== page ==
Estimation of soil salinity using three quantitative methods based on visible and near-infrared reflectance spectroscopy: a case study from Egypt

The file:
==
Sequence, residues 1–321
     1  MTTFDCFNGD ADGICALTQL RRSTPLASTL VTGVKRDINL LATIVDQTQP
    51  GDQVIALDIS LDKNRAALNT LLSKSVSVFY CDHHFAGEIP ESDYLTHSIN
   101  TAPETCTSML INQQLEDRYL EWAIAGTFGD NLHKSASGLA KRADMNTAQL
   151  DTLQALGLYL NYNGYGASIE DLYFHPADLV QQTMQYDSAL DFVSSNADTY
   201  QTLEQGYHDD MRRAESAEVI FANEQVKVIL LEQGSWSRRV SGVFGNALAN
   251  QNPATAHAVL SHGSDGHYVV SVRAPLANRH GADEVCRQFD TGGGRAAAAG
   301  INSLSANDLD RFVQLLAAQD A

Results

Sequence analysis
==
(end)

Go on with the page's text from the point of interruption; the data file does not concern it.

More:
Soil salinization is a progressive soil degradation process that reduces soil quality and decreases crop yields and agricultural production. This study investigated a method that provides improved estimations of soil salinity by using visible and near-infrared reflectance spectroscopy as a fast and inexpensive approach to the characterisation of soil salinity. Soil samples were collected from the El-Tina Plain on the northwestern Sinai Peninsula in Egypt and measured for electrical conductivity (ECe) using a saturated soil-paste extract. Subsequently, the samples were scanned with an Analytical Spectral Devices spectrometer (350–2,500 nm). Three spectral formats were used in the calibration models derived from the spectra and ECe: (1) raw spectra (R), (2) first-derivative spectra smoothened using the Savitzky–Golay technique (FD-SG) and (3) continuum-removed reflectance (CR). The spectral indices (difference index (DI), normalised difference index (NDI) and ratio index (RI)) of all of the band–pair combinations of the three types of spectra were applied in linear regression analyses with the ECe. A ratio index that was constructed from the first-derivative spectra at 1,483 and 1,918 nm with an SG filter produced the best predictions of the ECe for all of the band–pair indices (R2 = 0.65). Partial least-squares regression models using the CR of the 400–2,500 nm spectral region resulted in R2 = 0.77. The multivariate adaptive regression splines calibration model with CR spectra resulted in an improved performance (R2 = 0.81) for estimating the ECe. The results obtained in this study have potential value in the field of soil spectroscopy because they can be applied directly to the mapping of soil salinity using remote sensing imagery in arid regions.